Here’s Why You Should Consider Buying a Multigenerational Home
Unlike many other cultures around the world, Americans aren’t known for living multigenerationally. If 50 year-old Gary still lives with his mom, he’s a failure to launch. If Lisa’s mother-in-law moves in, it’s a burden to bear. The reality is, however, that we don’t always know the reasons why multiple generations live together, and they truly aren’t always negative. We could learn a thing or two about other cultures that live with multiple generations in the home, so here are some reasons why you might consider buying a multigenerational home.
Although most people put on record that they choose multigenerational living for cost savings/sharing or caregiving, Pew Research tells us that many people cite the emotional bond that can come from living with family.
Pew also tells us that multigenerational living has increased in the past 50 years and hasn’t seemed to peak yet. While a quarter of the people they surveyed said that multigenerational living is stressful most of the time, more than twice that number said “it is mostly or always rewarding.”
Unless you’re an extreme introvert, the perks of having a built-in community is an extremely high emotional benefit. There’s always someone to talk to (intellectual stimulation), you don’t have to feel lonely, you can create shared and memorable experiences through making meals, baking, hosting parties, etc. As long as people in the home respect each other’s privacy and provide individual spaces for retreat, this can be a win-win for everyone’s emotional and mental health.
This seems to be a clear perk and possibly number one motivator for buying a multigenerational home. Keeping Matters Current tells us, “By pooling their resources, households can share the financial responsibilities like mortgage payments, utilities, property taxes, and maintenance, to make homeownership more affordable. This is especially helpful for first-time homebuyers who may be finding it tough to afford a home on their own in today’s market.”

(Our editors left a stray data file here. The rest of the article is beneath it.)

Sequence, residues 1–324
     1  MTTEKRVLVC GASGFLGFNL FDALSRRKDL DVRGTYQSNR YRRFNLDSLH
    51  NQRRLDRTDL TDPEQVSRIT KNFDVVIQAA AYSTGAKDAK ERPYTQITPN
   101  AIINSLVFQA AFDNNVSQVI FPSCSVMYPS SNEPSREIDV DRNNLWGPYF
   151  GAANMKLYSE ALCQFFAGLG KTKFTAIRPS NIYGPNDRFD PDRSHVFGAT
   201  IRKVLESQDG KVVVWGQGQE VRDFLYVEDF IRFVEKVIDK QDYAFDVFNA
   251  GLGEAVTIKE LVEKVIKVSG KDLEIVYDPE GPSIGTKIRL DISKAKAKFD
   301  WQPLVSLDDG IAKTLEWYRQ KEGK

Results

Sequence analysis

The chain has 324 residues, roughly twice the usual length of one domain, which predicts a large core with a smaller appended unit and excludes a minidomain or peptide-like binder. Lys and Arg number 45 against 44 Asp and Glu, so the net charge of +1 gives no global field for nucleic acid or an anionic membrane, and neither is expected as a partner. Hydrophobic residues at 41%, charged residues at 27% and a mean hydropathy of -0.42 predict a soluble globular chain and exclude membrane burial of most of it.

Think about the housing possibilities that can open up when pooling together multiple incomes. The quality and size of home can increase OR, if that isn’t a priority, you could live mortgage free or with low cost to home expenses.
Graphic resource: Keeping Matters Current
In addition, this type of living can open up opportunities for one of the residents to pay down debt while the other takes on the bulk of the expenses. It could also provide a safer and more affordable (potentially free) childcare environment.
There are many scenarios we could pose that show the financial benefit to multigenerational living, but just put yourself in the example, and you’ll see it.
How Does it Work?
So, you’re convinced that buying a multigenerational home is what’s right for you and your family – what’s the best approach?
The first thing to know is that finding a multigenerational home setup isn’t as easy as your average residential home search. There are multiple wish lists and needs to consider, and potentially, multiple living spaces. Whether it’s land with a guest house, a home with a walk-out basement or mother-in-law quarters, your options will be more limited and unique. This is not a feat too big for a good real estate agent. (Check out these tips on choosing the right real estate agent.)
Secondly, this actually opens up your financial and loan options. If one buyer has better credit or more access to capital, perhaps it’s best to buy the home in that buyer’s name and let the other resident take over utilities and grocery expenses. There are ways to even out the costs while keeping everyone in the best financial position.
At Dani Beyer Real Estate, it wouldn’t be our first rodeo helping with a multigenerational living situation. We know the market, we know the city, and we can help find the best home to fit all the needs of your beautifully diverse family.